Day 2 of the Son Doong experience started with yoga stretches at our camp in Hang En followed by chatter of who had had the rat in their tent last night. After a pho bo breakfast I put on my new Salomon trainers in readiness for slippery rocks and we set off towards the exit of Hang En via a sandy slope up, and rocks down towards the river. We crossed the river and after a wash out of our shoes we started the steep winding climb towards the Son Dong entrance. On the way there were a few really scary and claustrophobic bits for me but after a couple of instances where I stopped breathing I was ok. My pace was slow on the uphill and I wasn’t confident with my shoes on any steep or slippery parts. I knew that after lunch we would be descending 80 metres into Son Doong via a series of ropes and the fear that we would be in a harness and clipped on made me even more wary. I wanted to turn back.
After a lunch of spring rolls and some crackers that tasted of Belgian waffles it was time to go to the entrance of Son Doong. By the time I’d been to the toilet a couple of times Captain Caveman had already gone on ahead and our guide asked if I would help the porters say ‘May I take your harness off?’ for when we got to the bottom.
Before I could tell anyone I wanted to turn back I found myself being strapped in to a harness by an assistant guide who was fiddling about with the buckles on my thighs. It’s fair to say I have trust issues so I found the other cave expert and asked him to tighten it, as it felt loose. The rest of our group was ready and Captain Caveman and I had already decided I would go first so that I wouldn’t panic – it didn’t work. There was a little crawl of a few metres that I’d got myself worked up about and had a bit of hyperventilating as I passed my backpack to the guide, who had gone ahead. A fellow trekker was close behind me, with a Yoda backpack on, so I asked him not to come through until I was at the other side, so that I had the option to retreat if I needed. Once through it was still a little walk to the climb down which was awkward in a harness.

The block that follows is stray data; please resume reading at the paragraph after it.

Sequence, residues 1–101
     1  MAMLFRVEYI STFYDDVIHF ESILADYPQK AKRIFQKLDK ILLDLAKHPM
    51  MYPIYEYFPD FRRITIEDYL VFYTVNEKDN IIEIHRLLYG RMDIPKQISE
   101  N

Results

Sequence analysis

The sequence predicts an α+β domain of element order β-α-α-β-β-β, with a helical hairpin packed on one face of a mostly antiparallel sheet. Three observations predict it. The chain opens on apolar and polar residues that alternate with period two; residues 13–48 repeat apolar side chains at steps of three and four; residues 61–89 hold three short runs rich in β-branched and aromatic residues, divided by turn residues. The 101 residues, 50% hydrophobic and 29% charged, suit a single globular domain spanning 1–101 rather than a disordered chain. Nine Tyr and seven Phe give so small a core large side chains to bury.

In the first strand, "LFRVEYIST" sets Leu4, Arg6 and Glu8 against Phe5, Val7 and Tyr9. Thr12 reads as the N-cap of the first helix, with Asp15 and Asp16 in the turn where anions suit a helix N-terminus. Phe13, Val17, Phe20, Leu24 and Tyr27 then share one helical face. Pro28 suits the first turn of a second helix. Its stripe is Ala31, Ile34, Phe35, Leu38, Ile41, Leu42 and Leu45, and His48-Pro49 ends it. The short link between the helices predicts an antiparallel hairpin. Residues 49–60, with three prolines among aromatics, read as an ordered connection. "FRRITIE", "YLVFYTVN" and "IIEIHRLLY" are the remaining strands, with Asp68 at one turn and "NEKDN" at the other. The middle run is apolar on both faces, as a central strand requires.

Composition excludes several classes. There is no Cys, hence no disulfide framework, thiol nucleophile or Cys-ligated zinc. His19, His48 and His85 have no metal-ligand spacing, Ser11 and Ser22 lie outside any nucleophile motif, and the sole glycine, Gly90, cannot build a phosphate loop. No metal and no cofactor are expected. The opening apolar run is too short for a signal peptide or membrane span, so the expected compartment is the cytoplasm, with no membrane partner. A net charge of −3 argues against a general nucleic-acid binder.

The guide clipped me on to a rope and then I had to lean back and walk down backwards, it wasn’t vertical but it felt it. I was shaking like a leaf and sweating – I looked into the guide’s eyes and said ‘do not let me die’ & he replied that he wouldn’t. There were 3 or 4 rope bits and I had completely forgotten what to do to unclip and clip on to the next ropes so I think I got help with a couple of those. I remember thinking not to look down but that was impossible with instructions from the team to put my foot ‘here’ & ‘there’. It was harder than I thought and I scraped my elbow when I slid down a little way because my trainers lost grip. I regretted going first but knew if I’d been last I wouldn’t have done it.
After the difficult bit we then walked on all types of rocks and had to jump across some, I was in a daze and couldn’t wait to get to Camp 1.